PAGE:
The concept

Our concept’s interface has a basic three column layout: A primary text source (1) on the left, an editorial multimedia fragment space (2) in the center and a result text (3) on the right.

A schematic presentation of the concept’s interface
A basic three column layout outlines the main working process

The work starts on the primary text source where the user can select words, phrases and whole paragraphs that he/she wants to investigate in his/her research and create a new fragment referencing that selection. He/she can also add it to an existing fragment. The reference between text passages and fragments is visualized by a line connecting them.

A fragment represents a new thought that a user wants to record. Fragments can not only have references to the primary text but can also connect to one or multiple other fragments. Therefore the research can be extended and developed while the steps to a conclusion are preserved and visualized. This helps to compare different approaches of working with literary texts, it can be used in teaching common practices to students and it makes it easier to reproduce the proceeding.

Screenshot of wireframe
Wireframe: Select phrase and add a fragment with a reference
Connector’s visual design variants
Design iterations for connectors between primary text and fragments

Fragments are designed to contain different types of content. They can simply hold a short text as a note or work as an annotation or tag that groups multiple passages or fragments together. More complex, they can function as a distant reading tool that receives the referenced words as input and performs an action on them like counting all occurrences in the whole primary text. This introduces the concept of “data flow” between fragments. A fragment has access to all data that exists down the chain of its references. For example, this can be used to create a new fragment that displays the result of two other fragments with distant reading results in one bar chart.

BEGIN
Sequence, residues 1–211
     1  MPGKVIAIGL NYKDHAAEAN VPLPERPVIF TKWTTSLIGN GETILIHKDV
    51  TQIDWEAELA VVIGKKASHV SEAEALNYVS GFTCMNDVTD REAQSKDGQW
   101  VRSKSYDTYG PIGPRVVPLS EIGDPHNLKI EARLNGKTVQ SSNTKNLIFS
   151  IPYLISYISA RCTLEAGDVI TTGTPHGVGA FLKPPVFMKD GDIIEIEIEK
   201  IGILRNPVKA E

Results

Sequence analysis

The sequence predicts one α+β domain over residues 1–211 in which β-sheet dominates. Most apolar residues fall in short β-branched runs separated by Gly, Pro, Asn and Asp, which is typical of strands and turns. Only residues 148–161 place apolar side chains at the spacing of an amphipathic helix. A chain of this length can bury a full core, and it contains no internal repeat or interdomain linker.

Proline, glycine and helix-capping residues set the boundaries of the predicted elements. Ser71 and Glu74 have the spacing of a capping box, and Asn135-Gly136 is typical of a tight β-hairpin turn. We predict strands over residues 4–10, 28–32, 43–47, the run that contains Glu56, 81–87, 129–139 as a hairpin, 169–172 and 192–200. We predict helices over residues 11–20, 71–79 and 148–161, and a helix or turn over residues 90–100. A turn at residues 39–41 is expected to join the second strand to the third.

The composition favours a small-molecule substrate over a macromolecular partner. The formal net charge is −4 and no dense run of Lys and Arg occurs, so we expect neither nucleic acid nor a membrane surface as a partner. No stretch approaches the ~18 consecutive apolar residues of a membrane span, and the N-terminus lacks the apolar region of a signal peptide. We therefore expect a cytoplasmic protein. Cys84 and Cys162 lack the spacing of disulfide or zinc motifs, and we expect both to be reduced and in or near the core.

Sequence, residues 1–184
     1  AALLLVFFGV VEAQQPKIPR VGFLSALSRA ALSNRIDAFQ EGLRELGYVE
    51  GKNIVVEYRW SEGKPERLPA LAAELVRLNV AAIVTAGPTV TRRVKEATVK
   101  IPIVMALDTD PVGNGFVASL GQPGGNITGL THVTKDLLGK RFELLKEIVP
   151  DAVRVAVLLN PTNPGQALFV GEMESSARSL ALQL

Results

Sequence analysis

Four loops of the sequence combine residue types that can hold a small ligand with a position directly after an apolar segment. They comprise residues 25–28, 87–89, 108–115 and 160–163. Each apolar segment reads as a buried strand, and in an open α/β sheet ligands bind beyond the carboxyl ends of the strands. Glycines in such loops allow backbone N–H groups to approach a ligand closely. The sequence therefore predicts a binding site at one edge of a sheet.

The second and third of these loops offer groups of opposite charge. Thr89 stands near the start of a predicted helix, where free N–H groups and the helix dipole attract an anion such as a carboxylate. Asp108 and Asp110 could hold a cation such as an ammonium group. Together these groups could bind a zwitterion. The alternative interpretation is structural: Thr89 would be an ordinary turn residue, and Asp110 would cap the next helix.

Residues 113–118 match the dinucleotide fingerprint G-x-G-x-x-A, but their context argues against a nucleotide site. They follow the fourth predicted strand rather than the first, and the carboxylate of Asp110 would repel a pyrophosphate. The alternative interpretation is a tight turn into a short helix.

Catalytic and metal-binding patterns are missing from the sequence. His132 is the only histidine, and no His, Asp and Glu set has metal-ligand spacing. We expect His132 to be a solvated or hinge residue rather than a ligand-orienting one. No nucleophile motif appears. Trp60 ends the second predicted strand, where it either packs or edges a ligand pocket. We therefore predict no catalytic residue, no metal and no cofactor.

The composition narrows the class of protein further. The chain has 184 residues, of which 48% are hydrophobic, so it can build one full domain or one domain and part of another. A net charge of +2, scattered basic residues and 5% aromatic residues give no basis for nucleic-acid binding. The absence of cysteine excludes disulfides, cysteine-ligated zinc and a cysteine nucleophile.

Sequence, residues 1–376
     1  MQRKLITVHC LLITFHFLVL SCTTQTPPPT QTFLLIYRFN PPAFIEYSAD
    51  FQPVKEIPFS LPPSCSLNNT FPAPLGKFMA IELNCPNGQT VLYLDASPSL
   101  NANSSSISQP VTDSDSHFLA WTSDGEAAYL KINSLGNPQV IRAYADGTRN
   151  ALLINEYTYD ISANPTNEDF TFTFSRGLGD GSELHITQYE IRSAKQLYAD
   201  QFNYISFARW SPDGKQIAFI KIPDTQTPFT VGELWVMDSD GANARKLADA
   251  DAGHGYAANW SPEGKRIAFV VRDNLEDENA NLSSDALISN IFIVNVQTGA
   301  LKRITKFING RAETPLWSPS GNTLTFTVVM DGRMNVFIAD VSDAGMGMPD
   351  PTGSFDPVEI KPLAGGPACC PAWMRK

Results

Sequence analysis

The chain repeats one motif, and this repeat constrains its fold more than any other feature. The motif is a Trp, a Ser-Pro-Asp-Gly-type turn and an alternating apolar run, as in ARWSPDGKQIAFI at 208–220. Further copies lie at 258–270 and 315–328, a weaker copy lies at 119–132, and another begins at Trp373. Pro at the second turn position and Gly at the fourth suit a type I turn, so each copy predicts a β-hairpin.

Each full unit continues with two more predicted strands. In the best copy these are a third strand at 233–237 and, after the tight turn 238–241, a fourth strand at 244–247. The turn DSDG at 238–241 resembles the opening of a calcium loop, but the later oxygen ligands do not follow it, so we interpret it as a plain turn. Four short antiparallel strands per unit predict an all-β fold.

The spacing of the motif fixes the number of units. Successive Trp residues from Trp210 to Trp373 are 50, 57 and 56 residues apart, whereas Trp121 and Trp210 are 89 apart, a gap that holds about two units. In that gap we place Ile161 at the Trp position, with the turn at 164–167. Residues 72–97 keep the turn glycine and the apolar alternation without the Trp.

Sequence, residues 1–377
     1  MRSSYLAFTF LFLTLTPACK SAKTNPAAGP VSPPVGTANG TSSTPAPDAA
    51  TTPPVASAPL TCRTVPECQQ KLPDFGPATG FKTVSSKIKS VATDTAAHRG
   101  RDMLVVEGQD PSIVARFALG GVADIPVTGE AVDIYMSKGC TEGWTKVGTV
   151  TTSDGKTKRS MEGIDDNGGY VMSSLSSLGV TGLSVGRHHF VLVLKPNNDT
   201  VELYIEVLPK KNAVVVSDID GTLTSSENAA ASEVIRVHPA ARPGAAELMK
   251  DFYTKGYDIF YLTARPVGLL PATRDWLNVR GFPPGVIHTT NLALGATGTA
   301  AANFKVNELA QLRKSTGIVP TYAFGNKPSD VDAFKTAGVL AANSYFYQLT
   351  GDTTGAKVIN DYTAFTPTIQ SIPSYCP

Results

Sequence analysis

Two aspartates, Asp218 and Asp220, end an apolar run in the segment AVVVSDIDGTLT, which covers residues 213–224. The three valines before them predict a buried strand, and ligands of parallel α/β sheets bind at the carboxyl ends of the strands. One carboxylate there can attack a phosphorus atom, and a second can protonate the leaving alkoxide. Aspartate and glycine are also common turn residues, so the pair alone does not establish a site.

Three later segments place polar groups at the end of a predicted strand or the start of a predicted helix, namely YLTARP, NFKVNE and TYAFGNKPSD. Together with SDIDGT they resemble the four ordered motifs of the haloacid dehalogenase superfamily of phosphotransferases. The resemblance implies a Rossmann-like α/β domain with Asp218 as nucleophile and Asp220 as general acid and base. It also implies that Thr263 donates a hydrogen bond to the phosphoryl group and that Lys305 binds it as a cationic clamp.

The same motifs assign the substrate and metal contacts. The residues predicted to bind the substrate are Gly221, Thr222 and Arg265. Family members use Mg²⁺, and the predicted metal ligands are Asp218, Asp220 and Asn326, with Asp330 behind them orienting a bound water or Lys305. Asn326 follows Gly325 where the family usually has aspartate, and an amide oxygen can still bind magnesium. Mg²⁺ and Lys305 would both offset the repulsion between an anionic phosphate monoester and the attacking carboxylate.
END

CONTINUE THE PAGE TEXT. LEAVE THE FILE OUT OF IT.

Screenshot of wireframe
Wireframe: Add an existing tag to a selection
Screenshot of wireframe
Wireframe: Analyze word occurrences with distant reading tools

While the creation of fragments is already an artifact of the user’s work by itself, it often is required to have a written text that includes the results of the research. The tool has a dedicated space for this in the right column where existing fragments like important notes or visualizations can be included.

Screenshot of wireframe
Wireframe: Embed visualizations in the Result text

Wireframes and prototypes

We tested some basic workflows in an interactive prototype with static screens.

Open workflows’ prototype

(Figma needs a while to load screens)

In addition, we created a web prototype to test layout and positioning in the fragment space.

Open fragment space web prototype

(Developed and tested exclusively with Google Chrome Version 70)

Next Steps

We’re currently preparing to present our proof of concept at different conferences to gauge more feedback from the community of Digital Humanities and to test our prototype. We would then like to move on with refining the status quo. In addition, we’re planning to continue our work on features we haven’t been able to implement yet—e.g. in-app collaboration and the inclusion of secondary sources.

Project name
Project timeframe
Nov 2017 – Oct 2018
My services
User Research, Workshop, Concept & Wireframes, UX Design

Next project

I worked on making cultural archives more accessible to experts and non-experts alike.

I’m looking forward to hear from you at mail@casparkirsch.de or on LinkedIn / Twitter.